I was reading volume 3 of Herman Bavinck’s Reformed Dogmatics this morning, and I came upon his description of the Socinian view of the atonement. The Socinians were the followers of Faustus Socinus, a 17th century rationalistic Unitarian who lived in Poland. Bavinck explains their opposition to the satisfaction theory of the atonement in words that are strikingly similar to what many are saying today.
Socinians believed that “satisfaction is not necessary” because “Whether or not God wants to punish or forgive sins is determined not in any way by his nature but by his will. God can just as well—and better than a human being—forgive sins without satisfaction. In fact, his justice is nullified by satisfaction, because it punishes the innocent and acquits the guilty; and his mercy loses its value if it can only manifest itself after satisfaction. God, accordingly, has always promised forgiveness to the penitent and wants us to follow him in that respect” (3:348).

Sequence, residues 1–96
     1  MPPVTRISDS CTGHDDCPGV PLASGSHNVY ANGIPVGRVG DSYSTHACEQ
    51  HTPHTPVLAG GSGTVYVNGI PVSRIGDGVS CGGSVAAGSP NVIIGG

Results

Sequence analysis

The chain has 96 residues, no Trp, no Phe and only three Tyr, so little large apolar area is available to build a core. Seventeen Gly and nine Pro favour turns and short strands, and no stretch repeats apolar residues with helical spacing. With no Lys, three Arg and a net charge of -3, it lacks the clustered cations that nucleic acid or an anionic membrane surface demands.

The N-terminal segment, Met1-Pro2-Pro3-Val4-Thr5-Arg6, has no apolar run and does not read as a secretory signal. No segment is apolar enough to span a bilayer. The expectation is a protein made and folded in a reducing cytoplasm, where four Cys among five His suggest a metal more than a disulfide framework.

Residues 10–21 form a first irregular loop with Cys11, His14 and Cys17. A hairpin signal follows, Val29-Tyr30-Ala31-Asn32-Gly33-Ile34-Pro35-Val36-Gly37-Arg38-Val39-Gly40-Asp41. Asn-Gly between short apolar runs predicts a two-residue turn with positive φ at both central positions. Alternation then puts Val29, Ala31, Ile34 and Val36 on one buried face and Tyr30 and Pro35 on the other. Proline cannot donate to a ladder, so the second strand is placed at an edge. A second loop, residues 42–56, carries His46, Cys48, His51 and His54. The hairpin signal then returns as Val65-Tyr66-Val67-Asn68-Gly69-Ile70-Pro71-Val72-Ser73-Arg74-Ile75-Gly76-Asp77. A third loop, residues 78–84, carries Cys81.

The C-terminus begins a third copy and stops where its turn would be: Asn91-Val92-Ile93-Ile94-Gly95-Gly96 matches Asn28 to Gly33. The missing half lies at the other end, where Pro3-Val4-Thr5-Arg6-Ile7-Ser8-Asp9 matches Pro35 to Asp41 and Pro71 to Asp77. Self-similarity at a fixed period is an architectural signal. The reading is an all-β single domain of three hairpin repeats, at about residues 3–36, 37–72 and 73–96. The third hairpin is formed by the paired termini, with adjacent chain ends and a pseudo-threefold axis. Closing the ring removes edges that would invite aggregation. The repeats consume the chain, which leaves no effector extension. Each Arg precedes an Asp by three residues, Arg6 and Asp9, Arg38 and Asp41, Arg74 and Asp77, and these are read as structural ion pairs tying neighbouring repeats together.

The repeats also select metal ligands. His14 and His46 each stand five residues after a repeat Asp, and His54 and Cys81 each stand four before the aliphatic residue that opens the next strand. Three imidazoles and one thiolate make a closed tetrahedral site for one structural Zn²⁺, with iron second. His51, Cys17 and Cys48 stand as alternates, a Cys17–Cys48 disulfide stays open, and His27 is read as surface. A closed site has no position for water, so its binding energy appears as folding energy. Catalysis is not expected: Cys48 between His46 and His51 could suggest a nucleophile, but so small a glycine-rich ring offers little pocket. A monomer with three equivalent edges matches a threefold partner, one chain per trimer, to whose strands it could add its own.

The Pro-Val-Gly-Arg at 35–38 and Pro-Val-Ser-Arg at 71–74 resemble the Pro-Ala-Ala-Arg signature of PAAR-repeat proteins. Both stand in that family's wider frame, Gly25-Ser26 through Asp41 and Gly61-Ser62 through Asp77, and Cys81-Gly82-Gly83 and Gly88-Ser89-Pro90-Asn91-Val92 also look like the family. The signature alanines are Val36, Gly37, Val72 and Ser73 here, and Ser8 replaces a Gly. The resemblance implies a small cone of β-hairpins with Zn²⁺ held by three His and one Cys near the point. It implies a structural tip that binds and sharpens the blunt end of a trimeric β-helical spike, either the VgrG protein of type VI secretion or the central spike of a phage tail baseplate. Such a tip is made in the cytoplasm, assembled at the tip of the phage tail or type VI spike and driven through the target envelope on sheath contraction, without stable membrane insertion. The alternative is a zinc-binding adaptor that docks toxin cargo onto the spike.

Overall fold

Socinians believed that “satisfaction is also impossible,” for “unlike money debts, personal moral debts cannot be transferred from one to another. To punish an innocent for the sin of another is unjust and cruel” (3:349).